The UK Government has set itself an ambitious target to cut its carbon emissions (CO2) by 60% by the year 2050. With housing emissions making up 27% of the UK’s CO2 emissions, addressing energy efficiency in the home is crucial. Further to this commitment, the Scottish Government has set itself the target to eradicate fuel poverty by November 2016.
To this end, several schemes have been launched by Local Authorities targeting fuel-poor areas. These schemes aim to provide energy efficiency measures and deliver emission savings, so helping to reduce fuel poverty throughout Local Authorities housing stocks.
What we did
We have and are currently working on contracts to provide energy efficiency measures to reduce heat loss in line with reducing fuel poverty and carbon emissions. Typical measures include:
- Cavity wall insulation
- External Wall Insulation
- Internal Wall Insulation
- Insulated Render
- Loft insulation
- Draught proofing
- Double glazing
- Gas condensing boiler/gas combi condensing boilers
- Oil condensing boiler/oil combi condensing boilers
- Ground and Air source heat pumpst
- Biomass boilers
- Solar water heating panels
- Solar photovoltaic panels
- Micro wind turbines
- Low energy light bulbs
One common challenge has been to ensure that these measures are carried out with minimal disruption to the tenants or occupiers. Where contracts require close proximity between the works and the tenants, it’s our practice to appoint a dedicated Tenant Liaison Officer, available 24/7, to ensure that tenants have support and access to information about the works being carried out at their property.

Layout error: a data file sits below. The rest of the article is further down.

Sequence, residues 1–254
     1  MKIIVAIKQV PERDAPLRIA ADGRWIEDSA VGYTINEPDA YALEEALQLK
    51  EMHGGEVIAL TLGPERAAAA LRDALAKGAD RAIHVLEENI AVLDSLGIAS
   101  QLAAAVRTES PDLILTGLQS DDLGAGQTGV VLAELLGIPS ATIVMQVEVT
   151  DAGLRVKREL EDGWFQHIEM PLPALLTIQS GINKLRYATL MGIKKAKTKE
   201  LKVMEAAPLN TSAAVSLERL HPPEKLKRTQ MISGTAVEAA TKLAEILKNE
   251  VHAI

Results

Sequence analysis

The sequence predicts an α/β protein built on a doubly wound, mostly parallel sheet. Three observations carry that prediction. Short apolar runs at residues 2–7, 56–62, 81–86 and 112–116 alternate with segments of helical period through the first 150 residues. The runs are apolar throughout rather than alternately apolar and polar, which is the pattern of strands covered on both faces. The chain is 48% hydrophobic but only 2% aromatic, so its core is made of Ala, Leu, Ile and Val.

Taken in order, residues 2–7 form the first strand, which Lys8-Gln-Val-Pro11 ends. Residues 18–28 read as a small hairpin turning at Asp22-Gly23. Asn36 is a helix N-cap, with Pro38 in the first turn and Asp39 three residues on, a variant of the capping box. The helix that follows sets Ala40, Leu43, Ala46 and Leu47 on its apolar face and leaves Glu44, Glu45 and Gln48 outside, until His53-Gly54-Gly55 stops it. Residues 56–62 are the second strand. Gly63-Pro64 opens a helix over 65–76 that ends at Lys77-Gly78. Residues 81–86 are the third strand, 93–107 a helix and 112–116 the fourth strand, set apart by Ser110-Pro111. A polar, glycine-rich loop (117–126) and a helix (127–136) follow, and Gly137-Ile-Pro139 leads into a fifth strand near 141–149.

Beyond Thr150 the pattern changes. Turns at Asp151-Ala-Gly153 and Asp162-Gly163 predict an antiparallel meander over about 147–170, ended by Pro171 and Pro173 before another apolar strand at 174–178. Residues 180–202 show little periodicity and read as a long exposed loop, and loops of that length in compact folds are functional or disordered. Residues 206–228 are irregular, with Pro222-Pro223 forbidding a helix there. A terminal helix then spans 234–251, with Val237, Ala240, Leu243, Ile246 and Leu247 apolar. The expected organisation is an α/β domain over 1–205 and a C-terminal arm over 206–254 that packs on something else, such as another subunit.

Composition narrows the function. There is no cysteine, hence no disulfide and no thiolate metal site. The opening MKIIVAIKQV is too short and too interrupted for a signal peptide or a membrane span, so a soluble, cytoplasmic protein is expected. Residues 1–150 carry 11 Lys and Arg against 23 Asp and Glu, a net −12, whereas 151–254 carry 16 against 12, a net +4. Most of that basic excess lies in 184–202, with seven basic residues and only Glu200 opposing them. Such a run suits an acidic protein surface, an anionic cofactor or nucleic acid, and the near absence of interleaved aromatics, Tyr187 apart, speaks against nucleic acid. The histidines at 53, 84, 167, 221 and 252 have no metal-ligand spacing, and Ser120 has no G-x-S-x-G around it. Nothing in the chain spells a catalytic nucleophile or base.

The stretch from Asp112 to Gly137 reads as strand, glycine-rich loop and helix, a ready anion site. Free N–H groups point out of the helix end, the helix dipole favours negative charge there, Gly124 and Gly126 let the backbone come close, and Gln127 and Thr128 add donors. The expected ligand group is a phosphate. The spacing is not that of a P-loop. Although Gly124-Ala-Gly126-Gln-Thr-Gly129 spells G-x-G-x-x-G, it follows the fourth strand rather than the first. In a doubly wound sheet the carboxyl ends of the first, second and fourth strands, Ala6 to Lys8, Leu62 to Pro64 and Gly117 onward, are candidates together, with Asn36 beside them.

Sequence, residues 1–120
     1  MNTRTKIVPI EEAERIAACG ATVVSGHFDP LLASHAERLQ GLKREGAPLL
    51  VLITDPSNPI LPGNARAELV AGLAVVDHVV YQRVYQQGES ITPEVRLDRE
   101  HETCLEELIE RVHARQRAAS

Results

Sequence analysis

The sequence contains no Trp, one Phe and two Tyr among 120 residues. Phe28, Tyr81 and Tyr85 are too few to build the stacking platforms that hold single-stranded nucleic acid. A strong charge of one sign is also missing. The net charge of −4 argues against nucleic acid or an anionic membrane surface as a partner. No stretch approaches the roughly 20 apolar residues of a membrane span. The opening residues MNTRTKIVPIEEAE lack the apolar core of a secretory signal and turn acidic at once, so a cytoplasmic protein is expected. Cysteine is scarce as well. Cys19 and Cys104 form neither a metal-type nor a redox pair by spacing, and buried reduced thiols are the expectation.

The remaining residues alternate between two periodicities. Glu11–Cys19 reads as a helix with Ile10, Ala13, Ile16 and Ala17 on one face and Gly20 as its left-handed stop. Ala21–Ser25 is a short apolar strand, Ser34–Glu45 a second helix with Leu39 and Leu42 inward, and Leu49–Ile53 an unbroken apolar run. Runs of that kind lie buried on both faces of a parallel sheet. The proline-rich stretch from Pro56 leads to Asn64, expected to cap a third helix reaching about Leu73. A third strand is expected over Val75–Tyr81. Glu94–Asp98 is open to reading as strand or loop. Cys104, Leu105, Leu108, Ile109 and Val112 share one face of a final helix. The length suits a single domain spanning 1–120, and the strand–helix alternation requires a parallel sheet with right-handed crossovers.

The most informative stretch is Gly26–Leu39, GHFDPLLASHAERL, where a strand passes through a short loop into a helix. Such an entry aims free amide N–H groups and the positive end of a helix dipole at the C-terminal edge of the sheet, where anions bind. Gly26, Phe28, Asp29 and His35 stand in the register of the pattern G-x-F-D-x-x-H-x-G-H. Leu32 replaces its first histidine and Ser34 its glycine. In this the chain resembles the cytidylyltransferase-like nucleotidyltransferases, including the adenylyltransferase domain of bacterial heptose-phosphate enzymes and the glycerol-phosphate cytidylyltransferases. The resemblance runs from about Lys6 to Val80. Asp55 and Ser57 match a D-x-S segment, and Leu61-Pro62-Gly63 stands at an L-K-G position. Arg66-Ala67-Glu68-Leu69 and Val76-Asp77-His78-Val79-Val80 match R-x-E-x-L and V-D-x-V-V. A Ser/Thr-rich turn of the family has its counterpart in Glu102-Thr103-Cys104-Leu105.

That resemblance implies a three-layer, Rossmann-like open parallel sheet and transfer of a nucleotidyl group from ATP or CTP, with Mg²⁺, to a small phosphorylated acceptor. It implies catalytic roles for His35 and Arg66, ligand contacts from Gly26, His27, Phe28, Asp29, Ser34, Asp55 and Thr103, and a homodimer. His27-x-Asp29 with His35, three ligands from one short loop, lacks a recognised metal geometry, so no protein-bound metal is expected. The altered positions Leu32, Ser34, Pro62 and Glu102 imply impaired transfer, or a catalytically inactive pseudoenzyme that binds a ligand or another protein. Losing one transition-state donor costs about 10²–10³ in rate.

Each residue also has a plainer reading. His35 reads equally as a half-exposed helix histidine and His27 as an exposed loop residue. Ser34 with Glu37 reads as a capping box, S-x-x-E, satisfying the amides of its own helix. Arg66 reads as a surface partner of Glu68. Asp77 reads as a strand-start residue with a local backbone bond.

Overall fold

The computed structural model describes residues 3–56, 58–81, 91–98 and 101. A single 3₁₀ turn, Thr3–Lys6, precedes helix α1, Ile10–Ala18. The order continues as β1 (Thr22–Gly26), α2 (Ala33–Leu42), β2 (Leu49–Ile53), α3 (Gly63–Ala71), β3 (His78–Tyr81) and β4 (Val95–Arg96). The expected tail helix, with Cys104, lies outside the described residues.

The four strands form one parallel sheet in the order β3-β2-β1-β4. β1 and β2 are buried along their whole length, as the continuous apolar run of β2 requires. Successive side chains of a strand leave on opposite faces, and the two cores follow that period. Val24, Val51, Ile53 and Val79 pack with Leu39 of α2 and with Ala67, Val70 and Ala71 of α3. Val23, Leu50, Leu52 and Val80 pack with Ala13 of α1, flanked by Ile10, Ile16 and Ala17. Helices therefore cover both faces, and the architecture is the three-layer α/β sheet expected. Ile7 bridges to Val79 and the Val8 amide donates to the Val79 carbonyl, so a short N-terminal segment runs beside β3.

In conjunction with our partners, we also hold regular face-to-face meetings with tenants in groups at events in local halls or housing association offices, or in their own homes.
We have worked in partnership with many Local Authorities and Housing Associations to achieve Carbon Savings of 49,248 tons in 2014, through the installation of a range of Energy Efficient measures. The effectiveness of these modifications to the different types of housing stock, their impacts on the behaviour of residents and the impacts on fuel poverty can now be monitored and analysed throughout to understand the levels of energy efficiency improvements created.